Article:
A tweet from David McLaughlin found me thinking, silently reflecting I suppose (and that’s mostly what this post is — an attempt to put those down), about the very (at least to me) interesting place the music industry has found itself in as we head – already – into the second month of the second year of the second decade of the second millennium.
I retweeted David’s Forbes link as it’s a pretty fascinating read that handily summarises the [renegade] rise of the-soon-to-be-household-name, Daniel Ek from geek to owner and visionary behind one of the most important musical delivery platforms on the planet right now, Spotify.
Essentially it’s a story which has been repeated hundreds of times over the centuries: man/woman, often odd, driven or a loner, has a wacky idea comes from way out on the fringes, from a place where all the corporate or establishment R&D bucks in the world can’t or won’t reach. He or she runs with the idea and it finds both its time and its audience and changes the world.
Think Gutenberg (and I’d refer you to this piece in The NZ Listener (not online yet) and by extension the book, which I’ve yet to read but will, although I having a niggling feeling it may annoy rather than illuminate in places), Henry Ford, The Wright Brothers and you get the idea. Bill Gates was one, despite the fact he ‘borrowed’ much of the framework needed to achieve his grand vision. Jobs too of course, but I think that both digital entertainment and the handheld computing device, despite the fact that he too borrowed much of the conceptual framework, will be his enduring legacy, rather than the computer I’m writing this on now.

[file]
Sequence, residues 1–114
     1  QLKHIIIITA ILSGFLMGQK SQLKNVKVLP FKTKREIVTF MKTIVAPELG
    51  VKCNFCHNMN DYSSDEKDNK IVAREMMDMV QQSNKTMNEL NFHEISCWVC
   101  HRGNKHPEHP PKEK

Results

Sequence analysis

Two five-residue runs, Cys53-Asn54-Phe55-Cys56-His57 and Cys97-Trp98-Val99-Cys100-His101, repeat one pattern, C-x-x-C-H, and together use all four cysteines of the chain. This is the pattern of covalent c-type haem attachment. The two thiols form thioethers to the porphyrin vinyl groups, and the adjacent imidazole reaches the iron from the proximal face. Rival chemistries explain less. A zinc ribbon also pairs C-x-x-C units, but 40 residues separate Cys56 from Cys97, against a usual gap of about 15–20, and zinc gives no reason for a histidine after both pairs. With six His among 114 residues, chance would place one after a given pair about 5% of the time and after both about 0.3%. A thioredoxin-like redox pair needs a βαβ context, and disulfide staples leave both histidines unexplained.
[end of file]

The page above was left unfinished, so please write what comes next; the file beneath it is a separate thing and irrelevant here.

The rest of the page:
So we have Spotify and it arrives, brilliantly, at a time when we have the technical delivery mechanisms and – finally – the arrival of a mindset rooted closer to commonsense on the part major content owners.
Spotify offers cheap (read ‘free’ in most of the world) access via 21st Century technology (read fast unlimited – apart from NZ but I guess it will get there eventually – internet) access to almost everything musical. And it will grow from there.
It’s a radio station, and one that the user/s programmes. Welcome to the eventual death of commercial radio as we now know it. Yep, people still listen to radio, and in some numbers, and radio folks will tell you of growing audiences and more, but this technology – along with the other arriving variants on the theme – have drawn the line in the sand. Tailored audio will eventually dominate private listening, factories, retail and just about everywhere else where we currently listen to things from a radio broadcast. And algorithms will ensure that we get what we want and the tailored broadcast will evolve as our tastes and desires evolve.